Ron Galella was a star among the paparazzi. Feared and adored by stars, his photos became works of art and his obsession with Jackie Kennedy yielded some of the most famous images of the former first lady. He died, aged 91, on April 30, 2022.
According to journalists, Ron’s work was one of the tools in the construction of celebrity culture, especially since his captures of celebrities in curious and always natural situations, without pose, made him a problem. Marlon Brando, for example, assaulted him in 1973, breaking his teeth and jaw, but having to pay $40,000 in damages. A year later, the photographer started to wear a helmet to continue working and take less risks, but still photographing the actor. Jackie sued him (the matter stayed in court for 10 years), but his photos – of her and others – are some of the most famous records of the 20th century.
Independent, always with a camera in his hands, Ron Galella liked to catch people distracted, so his place of work was the streets of New York. To get to the stars, he bribed waiters and doormen, wore disguises, befriended drivers. His technique was surprise and agility, as he explained years later, because when the police arrived he would have already taken (and protected) the photo. Madonna and Sean Penn had their issues with him in the 1980s.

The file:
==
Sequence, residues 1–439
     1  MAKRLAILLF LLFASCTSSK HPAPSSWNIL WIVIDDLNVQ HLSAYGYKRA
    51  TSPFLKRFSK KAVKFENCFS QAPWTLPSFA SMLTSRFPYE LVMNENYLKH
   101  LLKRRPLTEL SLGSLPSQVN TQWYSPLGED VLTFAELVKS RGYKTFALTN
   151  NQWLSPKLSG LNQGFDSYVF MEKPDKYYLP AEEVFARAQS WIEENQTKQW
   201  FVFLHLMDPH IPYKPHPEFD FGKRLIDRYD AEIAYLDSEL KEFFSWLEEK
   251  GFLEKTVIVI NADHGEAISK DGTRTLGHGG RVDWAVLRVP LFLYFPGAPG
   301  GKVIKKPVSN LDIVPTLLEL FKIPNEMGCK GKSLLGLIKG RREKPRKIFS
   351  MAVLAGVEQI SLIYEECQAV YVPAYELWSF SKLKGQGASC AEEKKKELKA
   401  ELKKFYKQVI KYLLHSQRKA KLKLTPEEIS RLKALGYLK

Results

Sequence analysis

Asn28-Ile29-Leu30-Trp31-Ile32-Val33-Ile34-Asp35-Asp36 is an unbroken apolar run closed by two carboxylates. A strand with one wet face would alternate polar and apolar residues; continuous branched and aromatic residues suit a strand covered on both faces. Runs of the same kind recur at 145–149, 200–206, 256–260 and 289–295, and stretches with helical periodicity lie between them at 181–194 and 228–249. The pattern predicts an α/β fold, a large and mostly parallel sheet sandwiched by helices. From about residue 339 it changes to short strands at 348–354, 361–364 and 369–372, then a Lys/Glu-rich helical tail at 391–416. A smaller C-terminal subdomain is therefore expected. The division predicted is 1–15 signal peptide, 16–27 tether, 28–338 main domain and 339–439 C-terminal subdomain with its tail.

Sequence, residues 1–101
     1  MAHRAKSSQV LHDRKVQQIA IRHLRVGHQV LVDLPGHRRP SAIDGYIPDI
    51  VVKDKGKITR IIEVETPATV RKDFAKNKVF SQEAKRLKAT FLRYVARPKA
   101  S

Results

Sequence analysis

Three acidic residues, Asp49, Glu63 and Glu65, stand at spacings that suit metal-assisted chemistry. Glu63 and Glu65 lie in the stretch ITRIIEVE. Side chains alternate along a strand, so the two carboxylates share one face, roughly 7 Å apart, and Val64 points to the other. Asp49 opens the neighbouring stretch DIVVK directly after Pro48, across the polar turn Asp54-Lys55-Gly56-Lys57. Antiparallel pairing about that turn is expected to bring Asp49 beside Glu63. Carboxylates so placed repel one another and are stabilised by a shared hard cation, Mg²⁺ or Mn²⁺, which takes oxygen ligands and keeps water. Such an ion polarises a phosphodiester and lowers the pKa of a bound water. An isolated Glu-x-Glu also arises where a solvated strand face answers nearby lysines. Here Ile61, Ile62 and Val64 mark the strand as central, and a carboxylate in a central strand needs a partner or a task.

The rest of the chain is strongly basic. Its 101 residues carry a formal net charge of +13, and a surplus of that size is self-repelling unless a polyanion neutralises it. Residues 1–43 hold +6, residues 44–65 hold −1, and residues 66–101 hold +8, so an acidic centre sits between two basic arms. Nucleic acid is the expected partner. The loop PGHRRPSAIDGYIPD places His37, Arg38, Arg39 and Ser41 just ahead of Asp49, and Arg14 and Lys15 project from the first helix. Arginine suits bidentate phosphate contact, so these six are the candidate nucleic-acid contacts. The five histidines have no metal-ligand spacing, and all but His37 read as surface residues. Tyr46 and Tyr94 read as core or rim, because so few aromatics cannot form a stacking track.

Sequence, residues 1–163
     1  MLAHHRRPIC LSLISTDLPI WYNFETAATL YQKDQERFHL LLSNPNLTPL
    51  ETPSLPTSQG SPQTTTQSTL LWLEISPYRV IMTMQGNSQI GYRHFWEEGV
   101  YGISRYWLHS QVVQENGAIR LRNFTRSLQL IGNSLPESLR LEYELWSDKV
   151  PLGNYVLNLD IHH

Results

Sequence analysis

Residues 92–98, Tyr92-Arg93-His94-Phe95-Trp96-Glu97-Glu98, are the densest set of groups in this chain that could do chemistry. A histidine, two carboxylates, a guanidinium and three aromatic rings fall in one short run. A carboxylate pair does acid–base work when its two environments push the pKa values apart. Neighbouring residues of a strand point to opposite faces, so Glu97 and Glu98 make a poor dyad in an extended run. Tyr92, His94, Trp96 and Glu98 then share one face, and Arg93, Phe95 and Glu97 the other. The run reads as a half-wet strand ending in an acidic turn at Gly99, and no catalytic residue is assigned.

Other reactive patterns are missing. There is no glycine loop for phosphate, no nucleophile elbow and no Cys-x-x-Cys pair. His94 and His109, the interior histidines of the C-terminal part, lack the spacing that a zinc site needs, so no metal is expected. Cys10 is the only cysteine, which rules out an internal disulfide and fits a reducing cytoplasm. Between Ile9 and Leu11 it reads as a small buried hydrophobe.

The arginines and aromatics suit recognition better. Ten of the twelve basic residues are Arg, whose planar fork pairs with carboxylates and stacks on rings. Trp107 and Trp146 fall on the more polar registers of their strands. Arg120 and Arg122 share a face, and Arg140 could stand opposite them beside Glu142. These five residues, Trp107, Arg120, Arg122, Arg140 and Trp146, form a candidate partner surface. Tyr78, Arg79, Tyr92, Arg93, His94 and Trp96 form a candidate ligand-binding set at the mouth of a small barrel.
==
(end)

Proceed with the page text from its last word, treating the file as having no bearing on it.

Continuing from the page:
On the threshold between stalker and professional, Ron Galella‘s photos gained prestige and value, to the point of being considered art. “He is a viper, a parasite, a stalker, a worm,” wrote critic Roger Ebert in the Chicago Sun-Times in 2010. “He is also, I decided, a national treasure.”
Born Ronald Edward Galella in New York in 1931, he has always been passionate about show business. He enlisted in the US Army and fought in the Korean War, where he began working as a photographer. When he returned, he studied photojournalism and began working professionally, taking commercial photos or recording film releases. When he saw the film La Dolce Vita, by Federico Felinni, he began to work as a paparazzo, photographing celebrities to their despair and curiosity.
In a career spanning more than 60 years, all the most famous and important people have somehow been targeted by his camera lens. Aside from Jackie, who was her muse and obsession, Elizabeth Taylor was her most photographed celebrity. Richard Burton, then married to Liz, on one occasion had his security men beat Ron and retrieve the negatives of the photos he was taking of the couple (without permission, of course). Ron ended up arrested and with a black eye, as he remembered. The physical pain bothered him little. “They destroyed 15 rolls of my art,” he complained.
He was married for 37 years to journalist Betty Lou Bourke, who died in 2017. He has published more than 15 books and left a collection of more than 3 million images, some of which are even exhibited in museums such as the Tate Modern in London and MOMA. , in New York and estimated at millions of dollars. In 2021, he published his latest book, 100 Iconic Photographs – A retrospective.
Ron Galella passed away from congestive heart failure on April 30, 2022. Ultimately, he is compared to the likes of Diane Arbus and Henri Cartier-Bresson, and his photos bought by collectors and museums as examples of art. The art of seeing the stars as they are.